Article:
|Yale-New Haven Teachers Institute||Home|
This unit approaches the legend of American democracy and uses it to critically evaluate students’ understanding of American government. It presents a concise perspective on the history and culture of democracy in the United States. In this way the students will have the tools to begin to understand the roots of their perspectives on democracy. The ultimate goal of this unit is to give the students a much deeper understanding of the idea of democracy in America.
This unit focuses on two essential questions “What is democracy?” and “Is America a democracy?” Answering these questions will require us to look at the various foundational documents in American history, as well as various depictions of American government and politics. Additionally, we will look at various moments in American history when that democracy was expanded or extended to cover a greater portion of the population. This study will allow us to fully discuss the essential question, answering further questions like: is democracy a cultural ideal as well as a governmental system? If we are a democracy, when did we become one? And if we are not, what stands in our way? Furthermore, is democracy something we should aspire to as a nation at all? Or is it merely a term we apply to our existing system, regardless of its truth? Each of these questions not only requires a strong understanding of the history and culture underlying American democracy, but also allows for the demonstration of that understanding.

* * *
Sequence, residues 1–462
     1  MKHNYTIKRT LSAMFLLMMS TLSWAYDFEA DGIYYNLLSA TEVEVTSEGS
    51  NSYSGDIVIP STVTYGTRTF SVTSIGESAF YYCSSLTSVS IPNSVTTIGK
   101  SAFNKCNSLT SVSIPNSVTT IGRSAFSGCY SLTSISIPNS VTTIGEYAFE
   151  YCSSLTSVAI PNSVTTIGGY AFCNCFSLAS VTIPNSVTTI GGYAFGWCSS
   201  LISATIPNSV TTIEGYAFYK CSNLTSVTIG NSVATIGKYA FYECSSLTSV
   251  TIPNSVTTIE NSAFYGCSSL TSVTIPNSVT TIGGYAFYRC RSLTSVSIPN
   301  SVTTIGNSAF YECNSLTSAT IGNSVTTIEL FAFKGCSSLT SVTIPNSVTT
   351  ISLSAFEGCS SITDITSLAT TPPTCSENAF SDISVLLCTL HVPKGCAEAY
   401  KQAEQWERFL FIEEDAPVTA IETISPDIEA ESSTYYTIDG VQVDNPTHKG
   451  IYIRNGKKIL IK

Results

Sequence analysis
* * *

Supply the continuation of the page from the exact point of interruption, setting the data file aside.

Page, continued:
(Recommended for U.S. History, grades 10 and 11; Civics, grades 9-12; and A.P. Government, grades 10 and 11)